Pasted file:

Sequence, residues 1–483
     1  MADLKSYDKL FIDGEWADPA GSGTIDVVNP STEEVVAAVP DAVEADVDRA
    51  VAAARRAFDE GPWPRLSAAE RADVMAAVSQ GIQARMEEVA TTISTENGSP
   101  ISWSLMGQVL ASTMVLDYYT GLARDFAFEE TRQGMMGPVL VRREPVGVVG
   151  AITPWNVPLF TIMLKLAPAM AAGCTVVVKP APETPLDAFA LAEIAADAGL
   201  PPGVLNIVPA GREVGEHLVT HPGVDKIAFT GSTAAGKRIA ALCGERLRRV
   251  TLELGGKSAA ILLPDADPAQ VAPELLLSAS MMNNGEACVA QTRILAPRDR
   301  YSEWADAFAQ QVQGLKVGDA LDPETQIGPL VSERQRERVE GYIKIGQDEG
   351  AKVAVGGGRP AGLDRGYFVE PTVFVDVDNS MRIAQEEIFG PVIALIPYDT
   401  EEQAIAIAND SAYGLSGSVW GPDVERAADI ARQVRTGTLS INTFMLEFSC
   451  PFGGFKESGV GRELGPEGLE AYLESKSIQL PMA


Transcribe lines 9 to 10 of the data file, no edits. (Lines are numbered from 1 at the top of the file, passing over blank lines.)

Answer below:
   351  AKVAVGGGRP AGLDRGYFVE PTVFVDVDNS MRIAQEEIFG PVIALIPYDT
   401  EEQAIAIAND SAYGLSGSVW GPDVERAADI ARQVRTGTLS INTFMLEFSC